Colours are effusive, inviting you to look deeper into every inch of the screen. There are so many intricacies in shading that we get lost looking into glowing blue depths of the bioluminescent water.

MORE: 4K Ultra HD Blu-ray – all the 4K discs on sale and coming soon

The Oppo goes for an appealing colour balance that’s aimed to impress – reds, blues and yellows are richly hued – but don’t look unnatural. The Panasonic, on the other hand, is more understated.

The player’s talents don’t get any less exciting when watching regular Blu-rays. Switch to a more natural-looking palette such as The Imitation Game and the skin tones are textured and shaded in a realistic manner.

Even without the dynamic scope of HDR, the picture’s contrast remains strong. Daylight through windows shines brightly, while dark corners of rooms are textured enough to add depth to the scene.

The Oppo fares even better when it comes to upscaling, which is good news for those with a large DVD collection.

Once your eyes adjust to the fuzziness of Ocean’s Eleven on DVD, the picture holds up in terms of punch and colour dynamism. It doesn’t have anywhere near the clarity and insight of a 4K Blu-ray disc, but remains enjoyable.

Panasonic drops the ball here – its picture is patchier than the Oppo, with low detail and blocks of colours that don’t do your DVD collection full justice.

There’s little in the way of compression or motion artefacts with either player. The action remains smooth even when dealing with tricky slow-panning shots.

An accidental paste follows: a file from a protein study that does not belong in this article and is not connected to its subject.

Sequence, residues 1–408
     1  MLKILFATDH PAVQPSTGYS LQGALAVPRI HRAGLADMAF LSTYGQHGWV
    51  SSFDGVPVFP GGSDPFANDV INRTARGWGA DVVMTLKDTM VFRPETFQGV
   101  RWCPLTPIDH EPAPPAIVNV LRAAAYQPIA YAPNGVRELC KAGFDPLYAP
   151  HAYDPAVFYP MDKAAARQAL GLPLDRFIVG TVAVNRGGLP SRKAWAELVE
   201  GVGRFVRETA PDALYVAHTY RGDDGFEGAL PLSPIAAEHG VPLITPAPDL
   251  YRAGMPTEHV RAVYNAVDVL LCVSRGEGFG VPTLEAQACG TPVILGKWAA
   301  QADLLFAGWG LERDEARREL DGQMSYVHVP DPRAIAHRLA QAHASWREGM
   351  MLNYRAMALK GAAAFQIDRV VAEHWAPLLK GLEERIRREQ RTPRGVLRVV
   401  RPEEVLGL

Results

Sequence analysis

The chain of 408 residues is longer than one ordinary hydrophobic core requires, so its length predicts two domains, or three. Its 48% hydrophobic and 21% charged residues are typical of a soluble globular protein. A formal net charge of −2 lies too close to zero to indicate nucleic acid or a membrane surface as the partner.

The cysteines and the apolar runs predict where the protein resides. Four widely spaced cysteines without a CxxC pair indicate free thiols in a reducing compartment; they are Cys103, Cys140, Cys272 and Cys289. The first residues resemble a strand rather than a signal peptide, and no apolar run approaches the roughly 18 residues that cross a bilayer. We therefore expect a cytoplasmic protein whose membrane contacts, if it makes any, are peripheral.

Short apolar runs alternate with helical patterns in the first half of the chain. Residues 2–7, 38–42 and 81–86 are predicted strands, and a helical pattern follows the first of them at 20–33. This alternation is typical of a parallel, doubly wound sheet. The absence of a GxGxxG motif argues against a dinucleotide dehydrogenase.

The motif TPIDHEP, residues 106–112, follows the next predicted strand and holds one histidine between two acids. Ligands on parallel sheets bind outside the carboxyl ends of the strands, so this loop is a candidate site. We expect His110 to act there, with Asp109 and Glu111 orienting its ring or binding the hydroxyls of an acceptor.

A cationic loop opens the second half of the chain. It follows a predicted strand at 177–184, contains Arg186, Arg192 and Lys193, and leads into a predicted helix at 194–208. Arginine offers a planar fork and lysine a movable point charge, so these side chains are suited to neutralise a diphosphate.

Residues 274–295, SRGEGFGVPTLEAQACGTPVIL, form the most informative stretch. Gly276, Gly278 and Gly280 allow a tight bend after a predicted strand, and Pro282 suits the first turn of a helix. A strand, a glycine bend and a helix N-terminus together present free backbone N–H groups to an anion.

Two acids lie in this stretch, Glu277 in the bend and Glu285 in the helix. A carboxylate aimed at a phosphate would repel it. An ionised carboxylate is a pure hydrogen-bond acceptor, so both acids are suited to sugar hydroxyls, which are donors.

Netflix 4K streams are all well and good, but 4K discs offer a solidity and stability that has yet to be achieved by streaming.

MORE: 4K streaming vs 4K Blu-ray vs Blu-ray – which is best?


A film’s soundtrack is just as important as its visuals or its story. In fact, the two combine to give you the full cinematic experience – watch a horror film on mute and it won’t be nearly as scary.

Similarly, a disc-spinners’ prowess with sound is just as important as its dazzling 4K picture.

It doesn’t matter if you’re playing a Dolby Atmos soundtrack or a standard 5.1, either, because the Oppo does exactly the same thing with sound as it does with its picture: give us more of everything.

That’s not to say the Panasonic isn’t a fine-sounding device. On its own, you’d never describe the DMP-UB900’s sound as lacking. It’s rich and weighty, the dynamics are entertaining, and you can track the clear, articulate sound effects around the room.

But listen to the UDP-203 and you’ll hear the soundfield open up: the scale of sound, the dynamics and the nuanced detail surpass that of the Panasonic.

MORE: 10 of the best film scenes to test surround sound

The soundtrack to Star Trek Beyond is a grand, dynamic affair through the Oppo.

There’s a rousing sense of build-up as Michael Giacchino’s score blares through our reference PMC Twenty23 7.1 speakers, with the Oppo handling the orchestral dips and soars with plenty of grip and precision.

Detail is crisper and punchier through the Oppo, too. There’s a real solid smack when aliens thud against glass windows, for instance, while voices go that bit deeper, sounding more natural and expressive than via the Panasonic.

While the Panasonic is no slouch, Oppo’s snappy sense of rhythm serves stereo music better.

Play The White Stripes’ Seven Nation Army on CD and the distorted guitars have texture and bite, the vocals shine through with attitude, and that defiant tone and tight rhythm pack a punch.